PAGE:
The steps here show how to add a new KVM host node called exa01adm03 that will have a new guest called exa01adm03vm01. The steps show how to extend an existing Oracle RAC cluster onto the guest using OEDACLI commands. The existing cluster has KVM host nodes named exa01adm01 and exa01adm02 and guest nodes named exa01adm01vm01 and exa01adm02vm01.

  1. Add the KVM host information to the OEDA XML file using the CLONE COMPUTE command.

    In the examples below, the OEDA XML file is assumed to be in: unzipped_OEDA_location/ExadataConfigurations.

    OEDACLI> LOAD FILE NAME=exa01_original_deployment.xml 
    
    OEDACLI> CLONE COMPUTE SRCNAME  = exa01adm01 TGTNAME = exa01adm03
    SET ADMINNET NAME=exa01adm03,IP=xx.xx.xx.xx
    SET PRIVNET NAME1=exa01adm03-priv1,IP1=  xx.xx.xx.xx, 
    SET PRIVNET NAME2=exa01adm03-priv2,IP2=  xx.xx.xx.xx
    SET ILOMNET NAME=exa01adm03-c,IP=xx.xx.xx.xx
    SET RACK NUM=NN,ULOC=XX 
    
    OEDACLI> SAVE ACTION
    OEDACLI> MERGE ACTIONS FORCE
    OEDACLI> SAVE FILE NAME=exa01_plus_adm03_node.xml

    At this point we have a new XML file that has the new compute node KVM host in the configuration. This file will be used by the subsequent steps.

  2. Add the new guest information to the OEDA XML file using the CLONE GUEST command and deploy the guest.
    OEDACLI> LOAD FILE NAME=exa01_plus_adm03_node.xml 
    
    OEDACLI> CLONE GUEST SRCNAME  = exa01adm01vm01 TGTNAME = exa01adm03vm01
    WHERE STEPNAME=CREATE_GUEST
    SET PARENT NAME = exa01adm03
    SET ADMINNET NAME=exa01adm03vm01,IP=xx.xx.xx.xx
    SET PRIVNET NAME1=exa01db03vm01-priv1,IP1=  xx.xx.xx.xx, 
    SET PRIVNET NAME2=exa01db03vm01-priv2,IP2=  xx.xx.xx.xx
    SET CLIENTNET NAME=exa01client03vm01,IP=xx.xx.xx.xx
    SET VIPNET NAME=exa01client03vm01-vip,IP=xx.xx.xx.xx
    
    
    OEDACLI> SAVE ACTION
    OEDACLI> MERGE ACTIONS
    OEDACLI> DEPLOY ACTIONS

    If you prefer that OEDACLI runs all steps automatically, omit the following clause above, WHERE STEPNAME=CREATE_GUEST and skip step 3 below.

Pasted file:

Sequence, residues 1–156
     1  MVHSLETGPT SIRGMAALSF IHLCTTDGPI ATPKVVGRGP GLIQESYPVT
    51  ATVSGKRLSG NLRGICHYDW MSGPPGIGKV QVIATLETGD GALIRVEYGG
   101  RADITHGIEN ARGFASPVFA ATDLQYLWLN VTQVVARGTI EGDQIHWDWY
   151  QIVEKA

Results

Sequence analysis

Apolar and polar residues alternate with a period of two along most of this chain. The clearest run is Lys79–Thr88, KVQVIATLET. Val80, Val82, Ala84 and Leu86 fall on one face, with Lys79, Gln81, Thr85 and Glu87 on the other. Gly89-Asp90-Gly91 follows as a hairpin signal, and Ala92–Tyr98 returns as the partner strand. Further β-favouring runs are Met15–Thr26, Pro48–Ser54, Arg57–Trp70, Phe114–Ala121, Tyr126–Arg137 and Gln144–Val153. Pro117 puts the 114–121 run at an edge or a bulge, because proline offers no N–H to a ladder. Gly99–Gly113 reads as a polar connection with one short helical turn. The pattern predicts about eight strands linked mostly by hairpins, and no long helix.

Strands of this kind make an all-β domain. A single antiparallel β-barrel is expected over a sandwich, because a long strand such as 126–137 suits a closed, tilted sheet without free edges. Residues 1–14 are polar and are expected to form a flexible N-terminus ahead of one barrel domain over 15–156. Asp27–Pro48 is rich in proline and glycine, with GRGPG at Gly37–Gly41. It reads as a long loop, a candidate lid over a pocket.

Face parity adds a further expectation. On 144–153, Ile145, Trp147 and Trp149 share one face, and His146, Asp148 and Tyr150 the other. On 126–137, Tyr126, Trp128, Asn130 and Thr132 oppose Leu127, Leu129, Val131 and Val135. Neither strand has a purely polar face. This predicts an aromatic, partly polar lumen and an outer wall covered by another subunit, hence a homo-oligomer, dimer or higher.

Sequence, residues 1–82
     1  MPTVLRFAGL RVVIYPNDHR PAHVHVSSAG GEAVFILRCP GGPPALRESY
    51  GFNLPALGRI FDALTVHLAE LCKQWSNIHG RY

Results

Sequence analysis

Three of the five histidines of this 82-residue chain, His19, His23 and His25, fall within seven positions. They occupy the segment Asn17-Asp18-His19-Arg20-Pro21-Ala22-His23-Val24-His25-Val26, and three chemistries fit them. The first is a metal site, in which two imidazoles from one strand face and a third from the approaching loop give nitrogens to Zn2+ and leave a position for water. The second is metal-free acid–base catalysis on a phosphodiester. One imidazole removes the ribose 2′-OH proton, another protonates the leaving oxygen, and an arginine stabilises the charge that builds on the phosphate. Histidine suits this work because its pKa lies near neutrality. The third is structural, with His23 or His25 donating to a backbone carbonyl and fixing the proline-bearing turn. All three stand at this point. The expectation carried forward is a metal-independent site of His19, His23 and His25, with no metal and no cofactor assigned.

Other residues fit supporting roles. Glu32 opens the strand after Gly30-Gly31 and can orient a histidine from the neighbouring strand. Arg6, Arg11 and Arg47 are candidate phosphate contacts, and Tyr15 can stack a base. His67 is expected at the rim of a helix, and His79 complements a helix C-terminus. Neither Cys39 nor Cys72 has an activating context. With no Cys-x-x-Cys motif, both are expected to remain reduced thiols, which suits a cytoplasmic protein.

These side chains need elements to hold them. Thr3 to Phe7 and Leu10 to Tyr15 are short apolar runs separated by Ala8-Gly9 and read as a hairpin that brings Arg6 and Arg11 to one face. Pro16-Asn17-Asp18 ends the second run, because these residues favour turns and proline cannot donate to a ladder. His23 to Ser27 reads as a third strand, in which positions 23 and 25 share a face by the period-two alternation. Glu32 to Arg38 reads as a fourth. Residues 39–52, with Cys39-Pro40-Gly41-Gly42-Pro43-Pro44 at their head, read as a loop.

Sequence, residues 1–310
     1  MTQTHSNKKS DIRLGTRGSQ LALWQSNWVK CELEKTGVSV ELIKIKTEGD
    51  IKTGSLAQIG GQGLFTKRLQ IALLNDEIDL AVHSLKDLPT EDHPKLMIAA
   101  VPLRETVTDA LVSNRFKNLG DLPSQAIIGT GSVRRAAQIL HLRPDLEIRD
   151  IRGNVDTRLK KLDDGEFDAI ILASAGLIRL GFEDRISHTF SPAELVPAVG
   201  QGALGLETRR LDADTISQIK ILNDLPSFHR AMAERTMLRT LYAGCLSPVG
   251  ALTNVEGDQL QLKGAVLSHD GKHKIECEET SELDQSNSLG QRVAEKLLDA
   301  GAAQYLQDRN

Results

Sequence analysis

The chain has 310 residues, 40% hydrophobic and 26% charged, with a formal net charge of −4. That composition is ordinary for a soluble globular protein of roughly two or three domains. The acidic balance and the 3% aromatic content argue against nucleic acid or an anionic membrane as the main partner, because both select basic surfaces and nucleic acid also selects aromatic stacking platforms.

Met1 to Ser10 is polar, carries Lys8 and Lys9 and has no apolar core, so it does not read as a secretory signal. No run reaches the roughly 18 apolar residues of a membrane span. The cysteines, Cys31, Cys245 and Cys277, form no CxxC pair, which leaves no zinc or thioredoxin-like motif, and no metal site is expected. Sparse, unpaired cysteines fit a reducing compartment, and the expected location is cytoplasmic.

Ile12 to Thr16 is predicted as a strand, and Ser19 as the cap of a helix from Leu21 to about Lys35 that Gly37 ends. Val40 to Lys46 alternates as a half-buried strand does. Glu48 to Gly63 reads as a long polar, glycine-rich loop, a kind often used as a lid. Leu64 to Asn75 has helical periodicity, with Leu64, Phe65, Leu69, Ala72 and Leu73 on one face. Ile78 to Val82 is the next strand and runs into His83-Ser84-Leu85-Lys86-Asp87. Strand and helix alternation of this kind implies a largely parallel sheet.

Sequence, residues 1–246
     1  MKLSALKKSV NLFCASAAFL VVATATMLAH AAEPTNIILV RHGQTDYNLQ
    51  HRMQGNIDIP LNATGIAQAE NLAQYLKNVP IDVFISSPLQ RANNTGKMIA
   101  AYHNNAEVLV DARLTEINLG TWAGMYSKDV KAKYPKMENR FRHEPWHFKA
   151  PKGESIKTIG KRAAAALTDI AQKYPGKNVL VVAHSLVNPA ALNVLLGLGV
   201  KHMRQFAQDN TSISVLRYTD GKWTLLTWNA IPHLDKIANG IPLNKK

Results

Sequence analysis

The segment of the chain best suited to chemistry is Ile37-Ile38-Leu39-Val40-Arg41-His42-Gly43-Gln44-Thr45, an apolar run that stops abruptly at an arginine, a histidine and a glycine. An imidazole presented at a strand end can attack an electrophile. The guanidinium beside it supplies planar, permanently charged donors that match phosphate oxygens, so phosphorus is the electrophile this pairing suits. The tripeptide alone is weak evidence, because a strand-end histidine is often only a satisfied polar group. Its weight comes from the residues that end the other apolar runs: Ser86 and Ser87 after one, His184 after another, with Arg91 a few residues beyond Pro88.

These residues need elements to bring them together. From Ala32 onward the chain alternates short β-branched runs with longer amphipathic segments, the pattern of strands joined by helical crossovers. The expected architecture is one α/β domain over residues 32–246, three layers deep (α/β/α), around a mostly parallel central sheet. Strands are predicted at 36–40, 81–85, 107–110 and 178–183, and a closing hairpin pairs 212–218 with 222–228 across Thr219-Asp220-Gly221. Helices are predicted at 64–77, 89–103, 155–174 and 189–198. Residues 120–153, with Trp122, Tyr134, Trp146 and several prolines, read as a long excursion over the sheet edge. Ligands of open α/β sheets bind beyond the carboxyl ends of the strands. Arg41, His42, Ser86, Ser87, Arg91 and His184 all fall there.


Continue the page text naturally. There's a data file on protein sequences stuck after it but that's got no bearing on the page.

At this point we have a guest created on our new compute node.

  3. Use OEDACLI to extend the cluster to the new guest.

    Note:

    Continue using the same XML file, exa01_plus_adm03_node.xml in this example. You will continue to update this file as you proceed through these steps. At the very end of the procedure, this XML file will properly reflect the new state of the clusters.
    OEDACLI> CLONE GUEST TGTNAME=exa01adm03vm01 WHERE STEPNAME = CREATE_USERS

    OEDACLI> SAVE ACTION
    OEDACLI> MERGE ACTIONS
    OEDACLI> DEPLOY ACTIONS
    
    OEDACLI> CLONE GUEST TGTNAME=exa01adm03vm01 WHERE STEPNAME = CELL_CONNECTIVITY

    OEDACLI> SAVE ACTION
    OEDACLI> MERGE ACTIONS
    OEDACLI> DEPLOY ACTIONS
    
    OEDACLI> CLONE GUEST TGTNAME=exa01adm03vm01 WHERE STEPNAME = ADD_NODE

    OEDACLI> SAVE ACTION
    OEDACLI> MERGE ACTIONS
    OEDACLI> DEPLOY ACTIONS
    
    OEDACLI> CLONE GUEST TGTNAME=exa01adm03vm01 WHERE STEPNAME = EXTEND_DBHOME

    OEDACLI> SAVE ACTION
    OEDACLI> MERGE ACTIONS
    OEDACLI> DEPLOY ACTIONS
    
    OEDACLI> CLONE GUEST TGTNAME=exa01adm03vm01 WHERE STEPNAME = ADD_INSTANCE

    OEDACLI> SAVE ACTION
    OEDACLI> MERGE ACTIONS
    OEDACLI> DEPLOY ACTIONS

    OEDACLI prints out messages similar to the following as each step completes:

    Deploying Action ID : 39 CLONE GUEST TGTNAME=exa01adm03vm01 where STEPNAME = ADD_INSTANCE 
    Deploying CLONE GUEST 
    Cloning Guest 
    Cloning Guest  :  exa01adm03vm01.example.com_id 
    Adding new instance for database [dbm] on exa01adm03vm01.example.com 
    Setting up Huge Pages for Database..[dbm] 
    Adding instance dbm3 on host exa01adm03vm01.example.com 
    Successfully completed adding database instance on the new node [elapsed Time [Elapsed = 
    249561 mS [4.0  minutes] Fri Jun 28 13:35:52 PDT 2019]] 
    Done...
    Done
  4. Save the current state of the configuration and generate configuration information.
    OEDACLI> SAVE FILES LOCATION=/tmp/exa01_plus_adm03_config

    The above command writes all the configuration files to the directory /tmp/exa01_plus_adm03_config. Save a copy of these files in a safe place since they now reflect the changes made to your cluster.

  5. Gather an Oracle EXAchk report and examine it to ensure the cluster is in good health.